The Melbourne Cup is a fiendishly tricky puzzle to solve and while Ryan likes his ride's chances, the same can be said of a few in the field...
"I don’t think this is a race which you can go into being overly-confident, but I have a leading chance, that’s all I can say."
04.00am Flemington, Tuesday
Although the race-rhythm of the Melbourne Cup is unique and history pretty much counts for little, I think it is fair to say that I know a lot of the fancied horses in here pretty well.
Going down in weight order, I have ridden Green Moon, Red Cadeaux, Sea Moon, Fiorente, Dandino, Mount Athos and Simenon, so you would think that I would have a pretty good idea of their merits.
In terms of pure talent, I would probably say that Sea Moon was the best of that bunch. Because, on his day, he was a top-class horse when the boss had him, as he showed when winning the Voltigeur by 8 lengths from Al Kazeem and when beating Dunaden by 3 1/2 lengths in the Hardwicke - where Red Cadeaux and Fiorente were well behind him.
So I am delighted to see that he has come good in Australia once again.
But I also won two Royal Ascot races in the space of five days on Simenon, finished Group 1-placed in a Coronation Cup and a Hong Kong Vase on 2011 Melbourne Cup runner-up Red Cadeaux, won a Princess Of Wales's on Fiorente, a Geoffrey Freer on Mount Athos, and partnered Dandino to an American St Leger win recently, so the others certainly don't lack for class either.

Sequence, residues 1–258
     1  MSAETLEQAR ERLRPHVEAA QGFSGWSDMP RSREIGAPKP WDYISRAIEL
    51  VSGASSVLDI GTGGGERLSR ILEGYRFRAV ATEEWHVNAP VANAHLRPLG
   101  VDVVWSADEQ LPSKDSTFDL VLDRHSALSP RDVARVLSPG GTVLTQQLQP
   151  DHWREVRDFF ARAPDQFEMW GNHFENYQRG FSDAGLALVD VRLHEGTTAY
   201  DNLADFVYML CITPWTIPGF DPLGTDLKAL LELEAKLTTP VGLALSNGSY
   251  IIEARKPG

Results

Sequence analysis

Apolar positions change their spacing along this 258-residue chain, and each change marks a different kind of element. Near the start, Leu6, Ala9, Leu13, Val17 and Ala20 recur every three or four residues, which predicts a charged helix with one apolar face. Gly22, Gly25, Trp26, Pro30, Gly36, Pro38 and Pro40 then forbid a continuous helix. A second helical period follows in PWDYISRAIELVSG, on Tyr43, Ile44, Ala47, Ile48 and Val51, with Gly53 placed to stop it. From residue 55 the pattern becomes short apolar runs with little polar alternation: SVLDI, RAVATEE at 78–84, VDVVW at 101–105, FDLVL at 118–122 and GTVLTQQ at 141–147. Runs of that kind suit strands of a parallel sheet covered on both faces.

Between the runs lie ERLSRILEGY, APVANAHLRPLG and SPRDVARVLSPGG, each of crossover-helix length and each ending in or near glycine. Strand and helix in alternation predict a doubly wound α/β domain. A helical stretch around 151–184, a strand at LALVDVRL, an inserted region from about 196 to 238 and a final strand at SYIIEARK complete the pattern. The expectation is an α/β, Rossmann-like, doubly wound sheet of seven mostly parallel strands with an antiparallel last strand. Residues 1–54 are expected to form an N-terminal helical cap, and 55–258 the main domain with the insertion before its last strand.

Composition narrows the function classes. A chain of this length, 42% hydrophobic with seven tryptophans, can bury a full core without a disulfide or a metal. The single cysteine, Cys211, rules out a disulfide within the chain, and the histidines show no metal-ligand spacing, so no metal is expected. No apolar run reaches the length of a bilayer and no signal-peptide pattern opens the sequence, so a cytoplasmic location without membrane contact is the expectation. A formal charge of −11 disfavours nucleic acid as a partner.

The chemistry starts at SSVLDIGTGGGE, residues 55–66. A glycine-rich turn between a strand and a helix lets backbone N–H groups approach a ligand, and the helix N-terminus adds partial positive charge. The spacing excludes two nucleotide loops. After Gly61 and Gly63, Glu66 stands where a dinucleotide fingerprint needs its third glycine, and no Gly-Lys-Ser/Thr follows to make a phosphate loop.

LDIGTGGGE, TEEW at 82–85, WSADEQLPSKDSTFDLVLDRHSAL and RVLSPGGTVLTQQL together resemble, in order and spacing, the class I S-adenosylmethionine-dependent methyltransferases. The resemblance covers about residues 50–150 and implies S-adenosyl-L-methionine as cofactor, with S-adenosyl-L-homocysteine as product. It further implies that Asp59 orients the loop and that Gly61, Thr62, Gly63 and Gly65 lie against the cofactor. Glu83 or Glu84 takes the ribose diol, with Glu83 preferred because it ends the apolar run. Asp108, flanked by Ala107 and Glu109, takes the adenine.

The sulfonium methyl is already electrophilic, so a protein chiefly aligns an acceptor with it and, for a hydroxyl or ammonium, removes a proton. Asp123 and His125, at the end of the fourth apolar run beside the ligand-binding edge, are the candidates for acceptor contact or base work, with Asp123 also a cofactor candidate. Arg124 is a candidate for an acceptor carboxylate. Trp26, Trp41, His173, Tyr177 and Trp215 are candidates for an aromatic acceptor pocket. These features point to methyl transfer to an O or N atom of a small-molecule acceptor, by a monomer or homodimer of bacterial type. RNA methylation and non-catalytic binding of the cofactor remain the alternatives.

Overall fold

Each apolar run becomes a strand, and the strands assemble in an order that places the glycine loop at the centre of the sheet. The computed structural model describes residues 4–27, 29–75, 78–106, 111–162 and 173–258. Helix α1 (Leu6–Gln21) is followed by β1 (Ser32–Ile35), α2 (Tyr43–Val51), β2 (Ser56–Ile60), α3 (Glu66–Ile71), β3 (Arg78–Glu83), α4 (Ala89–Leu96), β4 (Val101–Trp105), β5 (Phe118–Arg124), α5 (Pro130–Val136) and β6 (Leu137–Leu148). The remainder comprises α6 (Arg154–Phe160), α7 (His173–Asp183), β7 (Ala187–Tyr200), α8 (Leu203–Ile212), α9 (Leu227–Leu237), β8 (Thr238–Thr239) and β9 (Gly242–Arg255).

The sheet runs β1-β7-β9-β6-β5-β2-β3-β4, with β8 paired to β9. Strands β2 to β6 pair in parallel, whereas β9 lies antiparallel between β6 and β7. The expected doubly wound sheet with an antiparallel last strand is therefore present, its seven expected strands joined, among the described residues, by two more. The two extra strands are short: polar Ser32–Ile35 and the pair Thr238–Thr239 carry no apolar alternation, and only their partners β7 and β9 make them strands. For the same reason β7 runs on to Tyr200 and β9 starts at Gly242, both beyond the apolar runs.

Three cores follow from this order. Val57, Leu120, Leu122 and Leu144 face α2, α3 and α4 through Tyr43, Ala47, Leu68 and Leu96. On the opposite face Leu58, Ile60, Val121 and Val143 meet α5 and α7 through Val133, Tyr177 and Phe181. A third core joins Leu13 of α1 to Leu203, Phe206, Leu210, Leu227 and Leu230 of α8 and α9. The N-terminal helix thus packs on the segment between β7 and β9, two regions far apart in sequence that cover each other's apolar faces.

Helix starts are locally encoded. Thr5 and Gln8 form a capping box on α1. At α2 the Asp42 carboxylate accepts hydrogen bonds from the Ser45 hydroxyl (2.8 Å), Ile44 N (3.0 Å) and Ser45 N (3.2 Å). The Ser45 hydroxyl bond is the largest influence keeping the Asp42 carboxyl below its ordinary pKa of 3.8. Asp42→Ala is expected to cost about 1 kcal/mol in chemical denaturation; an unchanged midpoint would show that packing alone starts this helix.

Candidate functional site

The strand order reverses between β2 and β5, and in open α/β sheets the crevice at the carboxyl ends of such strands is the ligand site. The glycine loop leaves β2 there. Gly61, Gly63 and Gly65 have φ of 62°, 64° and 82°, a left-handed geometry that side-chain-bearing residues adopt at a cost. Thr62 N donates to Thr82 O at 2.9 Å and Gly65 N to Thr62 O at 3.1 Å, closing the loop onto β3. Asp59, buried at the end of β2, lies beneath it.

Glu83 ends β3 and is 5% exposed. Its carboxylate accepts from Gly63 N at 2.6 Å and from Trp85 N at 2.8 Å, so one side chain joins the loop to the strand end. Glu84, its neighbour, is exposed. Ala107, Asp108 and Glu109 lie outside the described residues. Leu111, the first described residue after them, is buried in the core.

And that is what makes this race so difficult to win. Because it is basically full of Group 1 horses in a handicap that all have the ability to win if things fall their way. And in this 24-runner race, you need luck, trust me.
Obviously, things didn't pan out ideally for Mount Athos in this race last year.
But - like I said here in a piece a couple of months ago, so go and read it if you want the full story, as I am not going over it all again - while I was gutted after the race, I don't think I could have done a lot different.
Mount Athos can be a tricky horse. But he must come in here with a big chance if it all clicks into place for him, as his second to Harris Tweed - with Tac de Boistron and Camborne in behind - at Goodwood last time could not have worked out much better. In fact, it probably makes him the pick of the weights. A draw in 22 certainly isn't ideal, mind you.
I am certainly happy to be riding Dandino though and there are worse draws than his in stall four. The jury is out whether he stays 2m - his record clearly shows you that, and that is the question mark about him in this - but he is a very talented and straightforward horse, and the promise of his second in the Caulfield Cup last time was there for all to see. He comes into this race at the peak of his powers, and is a horse that travels and quickens, and gives you options.
You also have to give Simenon a great shout, and I was surprised to see that he is around a 20-1 chance on Betfair.
Around this time last year, Willie was getting him ready for a hurdling campaign, so it would be a great training feat for him to go and win this race a year later. He ran really well on the Flat in the summer and has all the attributes that you need to go close, and his third to Sea Moon over 1m4f at Caulfield last time was very promising and showed that he is not a one-dimensional stayer.
In summary, I don't think this is a race which you can go into being overly-confident, but I have a leading chance, that's all I can say.
But so do about a dozen others, and that's the problem and reality when running for such a valuable and prestigious prize. And the wide-open betting underlines that.